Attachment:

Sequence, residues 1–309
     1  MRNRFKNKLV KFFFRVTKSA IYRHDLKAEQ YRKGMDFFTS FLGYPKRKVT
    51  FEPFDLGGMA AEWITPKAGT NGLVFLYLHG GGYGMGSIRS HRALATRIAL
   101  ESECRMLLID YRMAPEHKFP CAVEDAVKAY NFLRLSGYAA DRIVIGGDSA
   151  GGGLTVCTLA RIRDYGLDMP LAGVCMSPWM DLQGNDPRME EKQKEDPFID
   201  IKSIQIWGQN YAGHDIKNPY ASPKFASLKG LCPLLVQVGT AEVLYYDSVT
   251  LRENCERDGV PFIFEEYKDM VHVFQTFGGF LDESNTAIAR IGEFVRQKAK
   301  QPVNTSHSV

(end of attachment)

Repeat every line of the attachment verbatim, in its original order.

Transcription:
Sequence, residues 1–309
     1  MRNRFKNKLV KFFFRVTKSA IYRHDLKAEQ YRKGMDFFTS FLGYPKRKVT
    51  FEPFDLGGMA AEWITPKAGT NGLVFLYLHG GGYGMGSIRS HRALATRIAL
   101  ESECRMLLID YRMAPEHKFP CAVEDAVKAY NFLRLSGYAA DRIVIGGDSA
   151  GGGLTVCTLA RIRDYGLDMP LAGVCMSPWM DLQGNDPRME EKQKEDPFID
   201  IKSIQIWGQN YAGHDIKNPY ASPKFASLKG LCPLLVQVGT AEVLYYDSVT
   251  LRENCERDGV PFIFEEYKDM VHVFQTFGGF LDESNTAIAR IGEFVRQKAK
   301  QPVNTSHSV